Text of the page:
In the end, though, I have to hand it to Nobu. Even when near-totalled by my ommissions, substitutions and approximations, his original recipe turned out beyond delicious - and as Heloise might say, getting most of the work out of the way 2 whole days before company comes, is a real ring-a-ding hint.
Two Day Miso Sea Bass
(formerly known as Black Cod with Miso)
Combine 3 & 1/2 ounces of mirin (That's midway between 1/3 and 1/2 cup, Cletus)
with 3 & 1/2 ounces of sake
Bring to a boil and "allow the alcohol to evaporate" - which I interpreted as let it reduce itself by half.
Reduce heat to medium and add approximately 3/4 cup of white miso paste in several installments.
(If you want to go postal with it, you can dick around until you've got 10 & 1/2 ounces of the stuff, but don't forget to weigh your battered measuring cup first, so you don't count its weight as part of the final sum. Nobu would have you believe that the dish will be ruined if you're just half a butterfly's wing over the called for amount, but unless you're expecting him to be ringing your doorbell in 48 hours, I think you'll be safe eyeballing it with a measuring cup)
Stir all the while you're adding whatever size dollop of miso you've settled upon - if you were going to spend the next 48 hours marinating in something, wouldn't you want it to be silky smooth, as opposed to lumpier than yesterday's oatmeal?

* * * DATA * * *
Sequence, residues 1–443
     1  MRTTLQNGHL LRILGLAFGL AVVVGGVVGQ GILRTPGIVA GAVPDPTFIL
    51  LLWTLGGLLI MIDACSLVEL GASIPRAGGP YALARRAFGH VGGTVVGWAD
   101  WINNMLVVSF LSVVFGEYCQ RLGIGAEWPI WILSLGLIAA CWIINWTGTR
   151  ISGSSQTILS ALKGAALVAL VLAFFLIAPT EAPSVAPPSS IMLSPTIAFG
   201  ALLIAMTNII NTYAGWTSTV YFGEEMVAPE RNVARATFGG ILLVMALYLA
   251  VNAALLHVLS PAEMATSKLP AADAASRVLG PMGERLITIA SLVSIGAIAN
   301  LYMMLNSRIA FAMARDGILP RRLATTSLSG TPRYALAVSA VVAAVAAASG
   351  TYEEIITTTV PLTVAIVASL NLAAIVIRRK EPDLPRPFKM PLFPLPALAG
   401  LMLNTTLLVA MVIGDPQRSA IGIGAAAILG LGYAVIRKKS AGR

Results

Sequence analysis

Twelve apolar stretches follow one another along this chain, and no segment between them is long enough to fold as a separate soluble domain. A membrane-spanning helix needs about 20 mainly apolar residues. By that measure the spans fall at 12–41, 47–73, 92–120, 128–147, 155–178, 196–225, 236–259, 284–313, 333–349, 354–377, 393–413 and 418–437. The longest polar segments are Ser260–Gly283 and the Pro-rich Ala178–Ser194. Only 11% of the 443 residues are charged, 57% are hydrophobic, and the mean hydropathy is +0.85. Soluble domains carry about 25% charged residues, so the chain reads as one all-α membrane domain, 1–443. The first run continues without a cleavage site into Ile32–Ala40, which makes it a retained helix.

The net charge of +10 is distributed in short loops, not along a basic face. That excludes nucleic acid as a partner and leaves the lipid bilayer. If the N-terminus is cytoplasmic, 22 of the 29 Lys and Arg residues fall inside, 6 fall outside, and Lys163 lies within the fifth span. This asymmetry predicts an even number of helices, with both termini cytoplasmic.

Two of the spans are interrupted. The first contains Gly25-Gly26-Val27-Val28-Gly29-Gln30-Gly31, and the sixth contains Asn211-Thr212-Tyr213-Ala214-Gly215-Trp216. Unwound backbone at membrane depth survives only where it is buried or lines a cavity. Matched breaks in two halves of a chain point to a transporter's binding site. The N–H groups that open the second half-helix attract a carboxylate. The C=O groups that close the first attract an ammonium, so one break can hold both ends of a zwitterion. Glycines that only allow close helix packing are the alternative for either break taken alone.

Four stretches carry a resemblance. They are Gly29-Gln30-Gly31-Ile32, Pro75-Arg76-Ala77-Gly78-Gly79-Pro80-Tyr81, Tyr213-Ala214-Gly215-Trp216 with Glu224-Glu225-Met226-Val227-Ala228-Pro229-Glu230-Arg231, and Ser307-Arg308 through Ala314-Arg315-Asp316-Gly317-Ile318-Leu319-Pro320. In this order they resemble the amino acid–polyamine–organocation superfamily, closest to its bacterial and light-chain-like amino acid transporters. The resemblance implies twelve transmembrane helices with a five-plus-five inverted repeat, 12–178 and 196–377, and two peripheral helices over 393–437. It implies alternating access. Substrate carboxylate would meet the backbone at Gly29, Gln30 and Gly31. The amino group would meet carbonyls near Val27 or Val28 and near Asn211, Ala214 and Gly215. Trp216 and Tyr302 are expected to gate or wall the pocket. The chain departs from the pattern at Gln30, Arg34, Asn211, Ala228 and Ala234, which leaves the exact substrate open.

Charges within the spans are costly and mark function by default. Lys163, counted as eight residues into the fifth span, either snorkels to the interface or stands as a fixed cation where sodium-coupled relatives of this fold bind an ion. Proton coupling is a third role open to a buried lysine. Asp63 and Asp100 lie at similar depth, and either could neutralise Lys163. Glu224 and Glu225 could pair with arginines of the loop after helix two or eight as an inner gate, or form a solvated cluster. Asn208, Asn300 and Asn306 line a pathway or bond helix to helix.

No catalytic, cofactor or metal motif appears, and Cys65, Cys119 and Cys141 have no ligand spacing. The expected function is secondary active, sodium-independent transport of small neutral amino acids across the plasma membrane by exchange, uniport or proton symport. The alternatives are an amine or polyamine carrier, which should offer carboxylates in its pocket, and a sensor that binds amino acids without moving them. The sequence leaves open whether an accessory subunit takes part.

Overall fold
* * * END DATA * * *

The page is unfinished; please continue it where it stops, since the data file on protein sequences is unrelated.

Jack the heat back up to high, and stir in 1/2 cup of sugar (delivered in several batches).
(Resist the temptation to stick your finger in for a little taste because, speaking from experience, this shit has napalm-like properties.)
Remove it fromthe heat, let it cool for half an hour or so. then pour it into some sort of oven-proof vessel that isn't going to create a total real estate nightmare in your fridge. I used a white ceramic pie plate. Nobu uses "a tray for marinating". Dump in (Nobu's words, not mine, I swear) a half pound of black cod or Chilean Sea Bass or some comparable meaty, expensive ocean filet. Baste it tip to tail in the miso sauce, cover with plastic wrap, refrigerate and spend the next two days reassuring your dining companion that hardly anybody dies from botulism anymore.
When the big night arrives (if you forget and accidentally stuff yourself w/ pizza on what was supposed to be Black Whatever with Miso night, it's no big deal, as 72 hours of marination only deepens the deliciousness), scrape all the miso out of the "tray" and off of the fish, and put it in a preheated 400º oven for ten minutes.
When the timer goes off, plop it into a skillet over medium for like 5 minutes. I know I sound kind of vague, but believe me, Nobu is even worse. I'm thinking this is just a step to make the dish look and smell even prettier than it already does (and keep emergency room visits to a minimum)
Serve with rice, pickled ginger, and a couple of size C batteries in lieu of yuzu sauce.